The top indices on Wall street tanked on Monday, with the Dow losing over 500 points as more people died from the coronavirus over the weekend, fueling worries over the virus’ impact on the world economy.
The death toll rose to 81 as of the end of Sunday, according to Chinese officials, with more than 2,862 people now infected. A fifth case was confirmed in the United States and the virus has so far been detected in Singapore, South Korea, Australia, Canada, France, Japan, Malaysia and Vietnam, apart from China.
In the US, Dow plunged 521 points, or 1.8 per cent, S&P500 dropped 1.8 per cent and the Nasdaq shed 2.3 per cent. The pan-European Stoxx 600 fell 1.7 per cent when most markets in Asia were closed for the Lunar New Year. Japan’s Nikkei 225 fell by more than 2 per cent while Tokyo’s Topix slipped 1.6 per cent.
Analysts said risk aversion spiked after a top health official in China said in a press conference that the virus’s transmission ability is strengthening, fuelling concerns about a possible economic fallout from the virus and multiple experts recalling the impact of the SARS crisis in 2003.
Chinese authorities have put travel restrictions in place, and have extended the country’s new year holidays, with financial markets likely to remain closed for the time being.
“Aside from the human cost, the outbreak will likely weigh on Chinese real GDP growth this year, which was already expected to come in under 6 per cent for the first time in decades,” said Daniel Marc Richards, MENA Economist at Emirates NBD, adding that this will also weigh on the global growth outlook.
Hard to say
“The SARS epidemic lasted three to four months but it is hard to say if this is any guide. While the government response is faster, the new virus seems to be spreading faster. It is too early to judge when it will get under control,” Danske Bank Chief Analyst Allen von Mehren wrote in a client note.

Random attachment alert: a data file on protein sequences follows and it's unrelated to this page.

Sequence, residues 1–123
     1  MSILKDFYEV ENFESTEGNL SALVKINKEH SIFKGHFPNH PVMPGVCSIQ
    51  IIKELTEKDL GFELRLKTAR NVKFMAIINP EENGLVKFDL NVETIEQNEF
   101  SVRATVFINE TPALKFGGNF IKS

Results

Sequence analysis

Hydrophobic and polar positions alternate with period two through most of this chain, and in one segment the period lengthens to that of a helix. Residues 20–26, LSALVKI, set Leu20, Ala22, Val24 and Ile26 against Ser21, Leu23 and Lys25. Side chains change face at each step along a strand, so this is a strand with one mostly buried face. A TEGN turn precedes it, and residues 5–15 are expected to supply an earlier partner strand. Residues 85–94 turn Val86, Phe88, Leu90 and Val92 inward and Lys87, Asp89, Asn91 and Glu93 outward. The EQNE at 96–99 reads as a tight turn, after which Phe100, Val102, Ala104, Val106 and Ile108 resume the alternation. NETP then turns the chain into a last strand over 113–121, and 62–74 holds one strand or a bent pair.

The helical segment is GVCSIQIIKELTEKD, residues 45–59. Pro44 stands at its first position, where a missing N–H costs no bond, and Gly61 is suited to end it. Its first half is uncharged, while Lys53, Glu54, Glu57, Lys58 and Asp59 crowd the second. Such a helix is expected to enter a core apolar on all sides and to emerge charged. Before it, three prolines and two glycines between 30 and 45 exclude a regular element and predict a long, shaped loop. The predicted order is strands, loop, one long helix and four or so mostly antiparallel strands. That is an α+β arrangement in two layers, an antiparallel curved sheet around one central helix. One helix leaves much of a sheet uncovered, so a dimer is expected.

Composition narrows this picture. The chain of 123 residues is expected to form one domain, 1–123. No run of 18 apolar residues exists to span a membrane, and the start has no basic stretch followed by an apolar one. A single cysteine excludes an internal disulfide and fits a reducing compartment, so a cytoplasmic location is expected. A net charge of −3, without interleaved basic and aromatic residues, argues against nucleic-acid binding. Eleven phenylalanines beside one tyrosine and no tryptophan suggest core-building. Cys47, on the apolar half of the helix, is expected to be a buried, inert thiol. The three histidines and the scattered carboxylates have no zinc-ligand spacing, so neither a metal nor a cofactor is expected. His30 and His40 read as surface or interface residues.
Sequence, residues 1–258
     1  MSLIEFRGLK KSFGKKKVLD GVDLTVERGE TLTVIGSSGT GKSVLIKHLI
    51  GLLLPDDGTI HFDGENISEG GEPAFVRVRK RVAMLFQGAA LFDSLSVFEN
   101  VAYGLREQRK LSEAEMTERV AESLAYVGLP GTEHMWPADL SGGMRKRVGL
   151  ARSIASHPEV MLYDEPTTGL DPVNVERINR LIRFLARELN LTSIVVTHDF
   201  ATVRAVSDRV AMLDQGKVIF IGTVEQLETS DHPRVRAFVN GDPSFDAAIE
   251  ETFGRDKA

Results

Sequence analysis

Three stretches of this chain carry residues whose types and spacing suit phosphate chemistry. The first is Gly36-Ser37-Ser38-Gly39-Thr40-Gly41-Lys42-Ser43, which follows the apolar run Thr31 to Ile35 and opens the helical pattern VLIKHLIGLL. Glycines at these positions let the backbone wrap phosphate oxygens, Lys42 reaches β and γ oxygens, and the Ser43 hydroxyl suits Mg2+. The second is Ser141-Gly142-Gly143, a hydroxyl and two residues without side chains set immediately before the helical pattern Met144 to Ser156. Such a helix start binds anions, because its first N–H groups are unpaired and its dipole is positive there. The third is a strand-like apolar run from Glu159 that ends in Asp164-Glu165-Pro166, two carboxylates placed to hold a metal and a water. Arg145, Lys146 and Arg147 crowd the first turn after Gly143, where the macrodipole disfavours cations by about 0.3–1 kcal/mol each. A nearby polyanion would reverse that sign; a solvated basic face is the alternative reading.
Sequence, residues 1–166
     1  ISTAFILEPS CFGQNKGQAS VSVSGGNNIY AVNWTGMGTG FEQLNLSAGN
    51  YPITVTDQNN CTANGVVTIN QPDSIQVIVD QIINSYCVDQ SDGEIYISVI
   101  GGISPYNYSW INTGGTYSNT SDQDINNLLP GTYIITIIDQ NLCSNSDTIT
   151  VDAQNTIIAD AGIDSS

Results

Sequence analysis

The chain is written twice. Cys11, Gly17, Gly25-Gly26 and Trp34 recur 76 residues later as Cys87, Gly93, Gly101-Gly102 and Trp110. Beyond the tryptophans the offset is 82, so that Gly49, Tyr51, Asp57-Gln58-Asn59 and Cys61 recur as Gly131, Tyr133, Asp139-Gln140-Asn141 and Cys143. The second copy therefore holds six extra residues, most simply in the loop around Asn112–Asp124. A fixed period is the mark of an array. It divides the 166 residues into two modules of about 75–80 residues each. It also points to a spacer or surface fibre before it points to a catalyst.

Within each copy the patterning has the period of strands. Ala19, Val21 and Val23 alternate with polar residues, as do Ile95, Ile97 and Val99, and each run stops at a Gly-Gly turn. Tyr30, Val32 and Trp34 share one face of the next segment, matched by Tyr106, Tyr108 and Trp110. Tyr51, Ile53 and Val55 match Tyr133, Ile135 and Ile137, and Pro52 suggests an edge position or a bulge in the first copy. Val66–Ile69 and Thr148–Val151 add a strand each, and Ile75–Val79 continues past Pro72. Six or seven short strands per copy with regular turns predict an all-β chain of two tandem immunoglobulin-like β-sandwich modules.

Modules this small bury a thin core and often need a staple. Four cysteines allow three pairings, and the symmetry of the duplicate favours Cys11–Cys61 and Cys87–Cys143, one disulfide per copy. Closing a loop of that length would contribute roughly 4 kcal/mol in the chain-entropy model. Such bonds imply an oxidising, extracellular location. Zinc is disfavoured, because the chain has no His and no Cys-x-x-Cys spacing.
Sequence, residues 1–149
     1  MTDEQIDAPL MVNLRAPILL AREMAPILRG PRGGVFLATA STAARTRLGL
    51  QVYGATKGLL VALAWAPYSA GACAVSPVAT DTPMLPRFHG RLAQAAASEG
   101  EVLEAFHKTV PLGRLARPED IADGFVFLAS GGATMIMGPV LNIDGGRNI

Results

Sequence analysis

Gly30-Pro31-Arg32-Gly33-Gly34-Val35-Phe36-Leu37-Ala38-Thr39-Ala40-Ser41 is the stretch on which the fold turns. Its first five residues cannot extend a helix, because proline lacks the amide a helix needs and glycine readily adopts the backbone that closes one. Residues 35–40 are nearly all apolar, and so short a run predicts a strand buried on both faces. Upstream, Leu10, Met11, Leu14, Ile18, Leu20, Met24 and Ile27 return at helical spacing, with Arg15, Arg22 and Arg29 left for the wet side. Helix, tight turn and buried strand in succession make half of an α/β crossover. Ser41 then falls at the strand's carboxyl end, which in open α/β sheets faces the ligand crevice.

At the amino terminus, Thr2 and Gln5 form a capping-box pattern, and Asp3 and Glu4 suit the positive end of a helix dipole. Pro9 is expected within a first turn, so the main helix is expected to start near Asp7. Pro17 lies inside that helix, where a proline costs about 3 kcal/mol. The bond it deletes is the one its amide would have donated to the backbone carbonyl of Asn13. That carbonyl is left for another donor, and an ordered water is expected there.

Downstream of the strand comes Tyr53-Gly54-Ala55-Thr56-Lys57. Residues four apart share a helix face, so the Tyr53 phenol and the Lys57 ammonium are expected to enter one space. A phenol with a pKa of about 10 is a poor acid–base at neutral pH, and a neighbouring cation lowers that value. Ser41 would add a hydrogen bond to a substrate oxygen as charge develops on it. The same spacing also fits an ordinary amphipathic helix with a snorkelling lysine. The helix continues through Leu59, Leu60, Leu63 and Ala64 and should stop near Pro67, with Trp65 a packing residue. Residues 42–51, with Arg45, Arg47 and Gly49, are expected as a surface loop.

Danske Bank analysts projected that the Chinese service sector is likely to take the main hit this time around, and is much bigger than it was during the SARS epidemic, currently standing at 54 per cent of GDP versus 42 per cent in 2003.
A mitigating factor could be that the import content of the service sector is much smaller than in manufacturing, but the uncertainty is likely to cause some global economic spillover, von Mehren suggested.
However, former FDA Commissioner Scott Gottlieb sought to reassure investors by saying that although the coronavirus outbreak in China is likely more contagious, it is less severe than the SARS epidemic that rattled markets in 2003 and slowed global economic growth.
The SARS epidemic lasted three to four months but it is hard to say if this is any guide. While the government response is faster, the new virus seems to be spreading faster. It is too early to judge when it will get under control.
“We probably will have some isolated outbreaks [of coronavirus in the US], but that doesn’t mean it’ll translate to an epidemic,” Gottlieb said earlier.
As expected, investors were seen moving their investments to so-called safe haven assets, which surged on Monday. Spot gold was up by 1 per cent at just below $1,584.8 an ounce, while the Japanese yen changed hands at 109 against the dollar. The Swiss franc was also among the strongest-performing currencies.